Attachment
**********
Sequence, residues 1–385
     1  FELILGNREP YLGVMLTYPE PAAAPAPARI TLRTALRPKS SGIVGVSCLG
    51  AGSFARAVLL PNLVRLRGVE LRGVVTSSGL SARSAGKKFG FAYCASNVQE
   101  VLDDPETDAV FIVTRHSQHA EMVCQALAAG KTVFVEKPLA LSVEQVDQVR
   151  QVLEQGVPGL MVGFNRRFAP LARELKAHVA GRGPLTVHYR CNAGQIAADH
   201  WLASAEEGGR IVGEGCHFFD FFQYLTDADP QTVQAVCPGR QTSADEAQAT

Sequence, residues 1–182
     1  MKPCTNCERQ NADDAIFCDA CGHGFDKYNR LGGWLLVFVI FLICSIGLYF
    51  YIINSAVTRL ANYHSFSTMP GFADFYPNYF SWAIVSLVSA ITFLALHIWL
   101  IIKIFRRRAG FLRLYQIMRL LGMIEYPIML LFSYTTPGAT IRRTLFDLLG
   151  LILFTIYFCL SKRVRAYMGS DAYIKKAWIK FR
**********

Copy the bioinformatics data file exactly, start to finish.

Sequence, residues 1–385
     1  FELILGNREP YLGVMLTYPE PAAAPAPARI TLRTALRPKS SGIVGVSCLG
    51  AGSFARAVLL PNLVRLRGVE LRGVVTSSGL SARSAGKKFG FAYCASNVQE
   101  VLDDPETDAV FIVTRHSQHA EMVCQALAAG KTVFVEKPLA LSVEQVDQVR
   151  QVLEQGVPGL MVGFNRRFAP LARELKAHVA GRGPLTVHYR CNAGQIAADH
   201  WLASAEEGGR IVGEGCHFFD FFQYLTDADP QTVQAVCPGR QTSADEAQAT

Sequence, residues 1–182
     1  MKPCTNCERQ NADDAIFCDA CGHGFDKYNR LGGWLLVFVI FLICSIGLYF
    51  YIINSAVTRL ANYHSFSTMP GFADFYPNYF SWAIVSLVSA ITFLALHIWL
   101  IIKIFRRRAG FLRLYQIMRL LGMIEYPIML LFSYTTPGAT IRRTLFDLLG
   151  LILFTIYFCL SKRVRAYMGS DAYIKKAWIK FR